WINDHOEK - The 2018 report of the UN Secretary-General on Women, Peace and Security reveals that the representation of women among military troops and police officers remains unacceptably low, at four percent and 10 percent respectively.
The report also issues a stern warning that these numbers are at risk of further decreasing in the coming years through the imminent downsizing of several peacekeeping missions.
During the official opening of the Global Focal Point Network’s third annual meeting on women, peace and security yesterday, Minister of International Relations and Cooperation Netumbo Nandi-Ndaitwah said Namibia, as a member of Southern Africa Development Community (Sadc) will continue to play her part in ensuring that women play a greater role in peacekeeping operations.
Namibia becomes the first African nation to host the Global Focal Point Network’s third annual meeting on women, peace and security, which started yesterday and ends today.
She said the Namibian police officers, correctional officers and military officers are currently deployed in three peacekeeping missions; namely the African Union or United Nations Hybrids Operation for Darfur (UNAMID), the United Nations Mission in the Republic of South Sudan (UNMISS) and the United Nations Interim Security Force for Abyei (UNISFA), among which Namibia has continued deploying qualified female officers.
In December 2018, Namibia achieved the Department of Peacekeeping Operations’ target of 15 percent of women participating in peacekeeping missions. In January 2019, 15 police officers, including three women, were deployed to the UN-AU Hybrid Operation in Darfur. The largest ever female police contingents send from Namibia to war-torn African nations was between 2010-2012, where about 31 women participated. “We encourage all police and troop-contributing member states to strive to achieve this minimum target. While recognising the important roles women play in peace-making, peacekeeping and peace building, we should broaden mechanisms and think of measures to prevent conflicts and war, by completely disarming and silencing the guns,” she noted.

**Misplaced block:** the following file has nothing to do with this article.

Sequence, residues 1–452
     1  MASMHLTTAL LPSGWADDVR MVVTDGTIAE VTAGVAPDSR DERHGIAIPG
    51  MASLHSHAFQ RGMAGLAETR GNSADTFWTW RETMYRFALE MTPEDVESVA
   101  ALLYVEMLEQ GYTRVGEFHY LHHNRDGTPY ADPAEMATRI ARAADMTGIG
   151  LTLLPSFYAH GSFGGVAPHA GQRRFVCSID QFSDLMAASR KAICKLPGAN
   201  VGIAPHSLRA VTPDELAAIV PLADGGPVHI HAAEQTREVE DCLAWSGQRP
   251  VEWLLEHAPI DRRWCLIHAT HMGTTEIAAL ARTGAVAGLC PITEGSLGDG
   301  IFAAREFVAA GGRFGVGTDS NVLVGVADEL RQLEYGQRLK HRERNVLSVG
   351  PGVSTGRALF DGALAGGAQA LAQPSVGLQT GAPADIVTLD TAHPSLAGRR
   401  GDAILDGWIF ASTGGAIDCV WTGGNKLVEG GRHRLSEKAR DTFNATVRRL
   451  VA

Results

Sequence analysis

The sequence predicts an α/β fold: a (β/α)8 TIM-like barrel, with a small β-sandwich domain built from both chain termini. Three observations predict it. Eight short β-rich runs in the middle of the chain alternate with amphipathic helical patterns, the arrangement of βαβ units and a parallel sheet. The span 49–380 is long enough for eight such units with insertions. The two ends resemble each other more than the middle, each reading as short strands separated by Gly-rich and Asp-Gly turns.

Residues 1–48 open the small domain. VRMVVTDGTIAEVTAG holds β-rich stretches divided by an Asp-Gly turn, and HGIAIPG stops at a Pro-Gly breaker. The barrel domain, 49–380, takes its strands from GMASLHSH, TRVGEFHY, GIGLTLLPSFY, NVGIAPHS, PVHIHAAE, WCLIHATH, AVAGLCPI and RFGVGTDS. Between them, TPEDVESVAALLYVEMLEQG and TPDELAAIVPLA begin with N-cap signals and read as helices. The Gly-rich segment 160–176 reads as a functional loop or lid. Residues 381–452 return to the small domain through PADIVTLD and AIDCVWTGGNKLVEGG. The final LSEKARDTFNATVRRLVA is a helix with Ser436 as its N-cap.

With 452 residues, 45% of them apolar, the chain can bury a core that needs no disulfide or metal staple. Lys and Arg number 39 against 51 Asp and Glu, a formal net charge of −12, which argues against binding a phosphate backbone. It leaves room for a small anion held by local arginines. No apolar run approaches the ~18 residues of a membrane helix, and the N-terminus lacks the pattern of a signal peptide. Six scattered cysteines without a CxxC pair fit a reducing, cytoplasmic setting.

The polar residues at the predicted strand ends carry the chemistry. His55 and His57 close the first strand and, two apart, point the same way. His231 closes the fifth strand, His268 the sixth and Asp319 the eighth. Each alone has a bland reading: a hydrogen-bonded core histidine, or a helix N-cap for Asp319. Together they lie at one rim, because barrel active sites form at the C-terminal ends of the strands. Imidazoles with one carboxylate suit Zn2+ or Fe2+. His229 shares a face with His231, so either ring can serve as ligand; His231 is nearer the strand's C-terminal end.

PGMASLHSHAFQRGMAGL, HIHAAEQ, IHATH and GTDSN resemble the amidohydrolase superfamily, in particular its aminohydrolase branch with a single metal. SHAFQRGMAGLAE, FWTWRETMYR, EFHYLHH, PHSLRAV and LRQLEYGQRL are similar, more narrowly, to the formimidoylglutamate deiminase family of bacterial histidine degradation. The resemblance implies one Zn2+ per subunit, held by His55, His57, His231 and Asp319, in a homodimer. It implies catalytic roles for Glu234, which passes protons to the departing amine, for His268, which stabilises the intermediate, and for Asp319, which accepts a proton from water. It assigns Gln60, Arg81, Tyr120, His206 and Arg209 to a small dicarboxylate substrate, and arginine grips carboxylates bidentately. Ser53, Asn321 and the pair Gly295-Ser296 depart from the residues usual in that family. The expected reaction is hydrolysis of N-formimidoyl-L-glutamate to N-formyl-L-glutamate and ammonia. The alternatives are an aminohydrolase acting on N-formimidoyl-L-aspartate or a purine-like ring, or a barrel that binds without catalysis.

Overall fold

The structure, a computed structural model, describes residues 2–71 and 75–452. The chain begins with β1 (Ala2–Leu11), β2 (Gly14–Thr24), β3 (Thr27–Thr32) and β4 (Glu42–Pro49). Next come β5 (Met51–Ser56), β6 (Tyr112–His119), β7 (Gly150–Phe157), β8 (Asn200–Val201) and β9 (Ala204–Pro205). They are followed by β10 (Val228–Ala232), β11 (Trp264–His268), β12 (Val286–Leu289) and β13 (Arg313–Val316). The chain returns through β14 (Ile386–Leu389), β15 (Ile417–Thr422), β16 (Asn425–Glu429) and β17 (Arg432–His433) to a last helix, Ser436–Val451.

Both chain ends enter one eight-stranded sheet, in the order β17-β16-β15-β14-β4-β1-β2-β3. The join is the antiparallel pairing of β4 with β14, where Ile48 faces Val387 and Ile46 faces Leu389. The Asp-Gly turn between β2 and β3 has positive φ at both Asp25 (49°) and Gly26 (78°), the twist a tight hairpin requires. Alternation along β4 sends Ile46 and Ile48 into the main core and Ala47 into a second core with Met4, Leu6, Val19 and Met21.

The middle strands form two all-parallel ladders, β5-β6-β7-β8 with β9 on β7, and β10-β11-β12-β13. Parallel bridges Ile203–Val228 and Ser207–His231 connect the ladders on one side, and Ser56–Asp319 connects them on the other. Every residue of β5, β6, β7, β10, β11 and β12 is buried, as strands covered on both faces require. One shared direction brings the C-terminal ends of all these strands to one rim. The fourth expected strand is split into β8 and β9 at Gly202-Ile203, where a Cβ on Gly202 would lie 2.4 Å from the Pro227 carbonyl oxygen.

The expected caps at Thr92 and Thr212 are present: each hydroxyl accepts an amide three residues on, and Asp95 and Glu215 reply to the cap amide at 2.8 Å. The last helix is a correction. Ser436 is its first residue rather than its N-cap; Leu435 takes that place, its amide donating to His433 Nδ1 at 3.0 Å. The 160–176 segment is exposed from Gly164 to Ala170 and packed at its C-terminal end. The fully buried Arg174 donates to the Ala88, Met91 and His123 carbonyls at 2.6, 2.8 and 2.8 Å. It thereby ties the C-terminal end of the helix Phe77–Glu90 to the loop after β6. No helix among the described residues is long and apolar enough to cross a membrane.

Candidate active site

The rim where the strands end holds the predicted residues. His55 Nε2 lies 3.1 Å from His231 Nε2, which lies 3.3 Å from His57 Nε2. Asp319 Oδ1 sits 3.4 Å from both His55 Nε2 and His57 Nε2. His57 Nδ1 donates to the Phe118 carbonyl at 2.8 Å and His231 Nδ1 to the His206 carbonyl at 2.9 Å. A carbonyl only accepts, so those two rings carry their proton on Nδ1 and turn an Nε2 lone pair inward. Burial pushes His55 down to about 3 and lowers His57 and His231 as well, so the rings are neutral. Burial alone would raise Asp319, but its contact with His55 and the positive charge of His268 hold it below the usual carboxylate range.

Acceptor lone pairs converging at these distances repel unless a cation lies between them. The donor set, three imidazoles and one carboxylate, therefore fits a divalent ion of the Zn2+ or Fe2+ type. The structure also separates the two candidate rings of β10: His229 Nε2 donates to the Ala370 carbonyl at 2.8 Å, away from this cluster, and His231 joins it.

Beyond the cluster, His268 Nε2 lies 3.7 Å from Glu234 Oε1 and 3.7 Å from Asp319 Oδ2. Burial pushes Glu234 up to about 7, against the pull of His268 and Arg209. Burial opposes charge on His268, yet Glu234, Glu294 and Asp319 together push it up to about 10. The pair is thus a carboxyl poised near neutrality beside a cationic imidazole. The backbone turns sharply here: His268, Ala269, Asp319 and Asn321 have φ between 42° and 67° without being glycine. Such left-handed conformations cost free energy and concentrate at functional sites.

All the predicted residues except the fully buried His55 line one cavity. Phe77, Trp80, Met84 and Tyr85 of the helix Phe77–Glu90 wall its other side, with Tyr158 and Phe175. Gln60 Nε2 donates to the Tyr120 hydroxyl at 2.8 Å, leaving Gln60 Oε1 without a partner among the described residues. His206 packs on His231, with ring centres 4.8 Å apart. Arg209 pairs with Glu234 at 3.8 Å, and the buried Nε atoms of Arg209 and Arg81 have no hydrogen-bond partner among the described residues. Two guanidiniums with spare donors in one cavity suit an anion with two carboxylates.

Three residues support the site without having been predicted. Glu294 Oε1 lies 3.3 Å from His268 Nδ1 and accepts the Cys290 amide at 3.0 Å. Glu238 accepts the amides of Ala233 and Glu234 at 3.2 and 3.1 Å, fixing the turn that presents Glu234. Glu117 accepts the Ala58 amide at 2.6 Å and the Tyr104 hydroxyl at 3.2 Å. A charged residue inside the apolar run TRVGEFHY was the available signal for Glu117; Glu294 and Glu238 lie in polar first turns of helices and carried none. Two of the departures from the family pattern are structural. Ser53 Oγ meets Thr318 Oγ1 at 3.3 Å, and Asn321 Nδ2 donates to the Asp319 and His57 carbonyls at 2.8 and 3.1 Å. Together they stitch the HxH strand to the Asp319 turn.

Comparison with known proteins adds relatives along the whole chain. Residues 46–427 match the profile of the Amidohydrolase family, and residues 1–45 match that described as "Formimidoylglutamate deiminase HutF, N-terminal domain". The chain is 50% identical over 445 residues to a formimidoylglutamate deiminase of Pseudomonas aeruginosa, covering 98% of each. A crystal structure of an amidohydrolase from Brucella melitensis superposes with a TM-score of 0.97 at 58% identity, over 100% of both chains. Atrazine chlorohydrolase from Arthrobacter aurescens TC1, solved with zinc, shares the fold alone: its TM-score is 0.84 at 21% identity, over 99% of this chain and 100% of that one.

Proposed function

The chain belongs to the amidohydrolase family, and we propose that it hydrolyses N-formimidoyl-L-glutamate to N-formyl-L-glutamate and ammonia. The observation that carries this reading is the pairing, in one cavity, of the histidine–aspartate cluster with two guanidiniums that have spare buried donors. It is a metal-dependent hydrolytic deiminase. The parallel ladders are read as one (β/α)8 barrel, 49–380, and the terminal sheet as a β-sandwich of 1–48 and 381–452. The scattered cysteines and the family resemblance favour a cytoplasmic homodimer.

Silencing the guns is one of the Au flagship projects to be implemented in the first ten years of AU Agenda 2063.
Hence, she commended the UN Secretary General on his disarmament agenda, and the clear link he makes between small arms and light weapons and gender-based violence.
Against this, Nandi-Ndaitwah says there is a need for member states to mainstream disarmament in the women, peace and security agenda.
The meeting is aimed at raising awareness and advocating for the implementation of the women, peace and security agenda, by formulating national action plans.
To date, the global network had the first meeting in Alicante, Spain and the second in Berlin, Germany, while the Windhoek meeting is its third. The minister said they are expecting over 150 participants from member states and regional and international organisations.
There will also be four working groups to focus on the sub-themes; including the women, peace and security agenda, disarmament and small arms and light weapons.
The others will deal with national action plans (coordination, monitoring, evaluation and financing), women, peace and security agenda implementation and the role of sub-regional and regional organisations, as well as a peace lab for youth leaders.
2019-04-11 08:53:45 5 months ago